Combat Addictions

Under discussion are plans by the local municipalities to set up Drug Consumption Sites in our cities. One example serving as role model is a site in Vancouver, called Insight [ ].  These types of facilities are intended to not only supervise safe drug injection and sharing, but also to assist in a variety of other services to drug addicts and mostly also homeless people. All this based on a platform of compassion and providing services paid by governments. How much of those services and facilities actually accomplish to combat drug addictions and release those addicted to the outside world as being healed from their addictions, is unclear.
An interesting notion from the 1960s: A heavy smoker who also was an alcoholic then had been considered as a sick person, at times incarcerated in a mental facility. Given an excessive number of cigarettes to smoke daily so as to make an addict sick, in order to give up smoking. Alcoholics were given sessions between psychiatrists and with their nearest relatives in which the origins of that disease were supposed to surface. However, on the whole all of those addictions stem from weakness. Let’s assume you put those addicts to work on something meaningful, not even hard labour, make them forget their addiction. And instead focus on whatever they are doing. Compassion does not always accomplish reduction in drug addiction. [ ]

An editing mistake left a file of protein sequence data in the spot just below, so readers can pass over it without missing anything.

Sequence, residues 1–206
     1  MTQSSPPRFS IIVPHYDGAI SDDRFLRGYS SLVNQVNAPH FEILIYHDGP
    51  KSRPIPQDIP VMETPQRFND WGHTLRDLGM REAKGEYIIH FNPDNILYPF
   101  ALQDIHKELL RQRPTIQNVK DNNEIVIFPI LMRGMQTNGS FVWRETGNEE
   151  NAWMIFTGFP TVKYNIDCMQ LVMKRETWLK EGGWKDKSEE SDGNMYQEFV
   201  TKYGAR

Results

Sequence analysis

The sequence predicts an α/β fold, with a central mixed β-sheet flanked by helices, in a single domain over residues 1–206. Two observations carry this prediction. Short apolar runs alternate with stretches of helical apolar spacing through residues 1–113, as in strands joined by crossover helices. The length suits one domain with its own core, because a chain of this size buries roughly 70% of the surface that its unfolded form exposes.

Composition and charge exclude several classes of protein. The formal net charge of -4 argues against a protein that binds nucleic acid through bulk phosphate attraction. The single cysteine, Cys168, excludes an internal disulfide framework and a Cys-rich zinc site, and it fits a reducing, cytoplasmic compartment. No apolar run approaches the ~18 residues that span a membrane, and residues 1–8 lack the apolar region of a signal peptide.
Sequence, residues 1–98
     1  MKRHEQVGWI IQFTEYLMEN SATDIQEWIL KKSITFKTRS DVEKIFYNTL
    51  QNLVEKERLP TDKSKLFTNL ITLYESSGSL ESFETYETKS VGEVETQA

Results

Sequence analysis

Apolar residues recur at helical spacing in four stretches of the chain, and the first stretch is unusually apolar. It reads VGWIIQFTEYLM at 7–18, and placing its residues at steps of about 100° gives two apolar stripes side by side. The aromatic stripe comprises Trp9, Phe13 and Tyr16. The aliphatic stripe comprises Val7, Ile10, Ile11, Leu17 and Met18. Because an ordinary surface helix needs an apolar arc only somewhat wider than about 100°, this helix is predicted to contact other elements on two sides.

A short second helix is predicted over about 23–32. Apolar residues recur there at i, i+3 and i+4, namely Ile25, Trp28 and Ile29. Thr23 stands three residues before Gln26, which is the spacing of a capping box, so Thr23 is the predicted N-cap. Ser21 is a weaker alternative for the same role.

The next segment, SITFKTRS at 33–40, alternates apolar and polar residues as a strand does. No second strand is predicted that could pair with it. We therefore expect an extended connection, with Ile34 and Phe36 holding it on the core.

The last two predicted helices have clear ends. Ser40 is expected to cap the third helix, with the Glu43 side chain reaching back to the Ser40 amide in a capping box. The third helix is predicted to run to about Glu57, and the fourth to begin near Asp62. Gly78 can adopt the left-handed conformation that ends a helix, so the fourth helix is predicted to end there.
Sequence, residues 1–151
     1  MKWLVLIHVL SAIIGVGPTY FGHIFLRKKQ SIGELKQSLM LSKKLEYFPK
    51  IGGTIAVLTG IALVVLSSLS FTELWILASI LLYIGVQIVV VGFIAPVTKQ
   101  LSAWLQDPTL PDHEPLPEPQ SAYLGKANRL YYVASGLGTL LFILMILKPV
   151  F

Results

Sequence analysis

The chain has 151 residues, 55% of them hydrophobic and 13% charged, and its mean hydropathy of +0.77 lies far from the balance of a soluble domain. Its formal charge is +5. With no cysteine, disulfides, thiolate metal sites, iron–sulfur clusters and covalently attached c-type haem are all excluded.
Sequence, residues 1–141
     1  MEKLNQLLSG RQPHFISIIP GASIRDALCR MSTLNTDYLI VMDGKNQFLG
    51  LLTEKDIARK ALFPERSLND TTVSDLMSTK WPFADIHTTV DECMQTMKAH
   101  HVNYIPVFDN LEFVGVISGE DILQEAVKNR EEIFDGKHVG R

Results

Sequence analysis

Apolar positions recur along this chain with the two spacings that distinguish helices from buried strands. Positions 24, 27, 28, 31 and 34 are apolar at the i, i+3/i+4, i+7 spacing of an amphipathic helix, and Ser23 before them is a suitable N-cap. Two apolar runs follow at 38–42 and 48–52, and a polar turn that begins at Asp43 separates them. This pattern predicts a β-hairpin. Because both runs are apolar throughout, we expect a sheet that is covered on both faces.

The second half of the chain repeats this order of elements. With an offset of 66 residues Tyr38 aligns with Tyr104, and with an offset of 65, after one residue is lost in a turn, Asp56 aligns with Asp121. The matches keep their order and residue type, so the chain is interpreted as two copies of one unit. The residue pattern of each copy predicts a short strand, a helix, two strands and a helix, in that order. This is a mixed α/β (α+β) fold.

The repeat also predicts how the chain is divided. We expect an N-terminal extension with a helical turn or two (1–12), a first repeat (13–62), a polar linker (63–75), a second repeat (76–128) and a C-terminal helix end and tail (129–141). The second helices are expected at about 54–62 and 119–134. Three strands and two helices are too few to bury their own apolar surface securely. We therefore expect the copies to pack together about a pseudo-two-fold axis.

What is Cool, what is not

It is unfortunate that today’s young people believe that high speed car chases are cool, that smoking or drugs are cool, that war scenes in which civilians are being killed is cool, that using weapons on (imaginary) opponents is cool.
Tell you what is Cool. From my wartime experiences as a 4-year old I can tell you that it is cool to having survived, that it is cool to be standing on the ground and looking up, when the bombers arrived over our homeland and towns and started dropping their loads on us. That it is cool to write about it. That it is not cool to fly over enemy territory with a fighter plane, open a hatch and unload tons of bombs onto unarmed civilians. That it is not cool to receive medals and standing ovations many years later as a war veteran for having done so.
A little story. In the 1980s while living for many years in the Foothills of Alberta Rockies, alone on my land with my horses, I also had a Quarter Section of bare land somewhere West of Cochrane, near Ghost Lake region. It was heavily treed. I rented it out to a group of City people for playing Paint Ball. [ ] . This land was heavily treed. Usually when playing Paint Ball you stick together in a group. I had several (“cool strong guys”) to later arrive out of the trees, crying, because they got lost. When it comes to being cool, how cool is that !
Womens’ rights movement – nothing is more cool than the early fights for womens’ rights. Not so cool is, if women fight other women, or treat their elders with disrespect, as happens in many western cultures.
Cool is if women get the same rights on the job as men, same payment, same conditions, same respect, same treatment. Not cool is to discriminate against women when a company or entire industry falters (like for example the oil industry in Alberta), and women including single mothers are laid off first. As happened specifically at Trans Canada Pipelines Company in Calgary, AB. It seemed that in the 1980s no explanations were needed for these discriminatory practices in that industry.
Cool is to help yourself and others, not so cool is to wait for handouts from a government.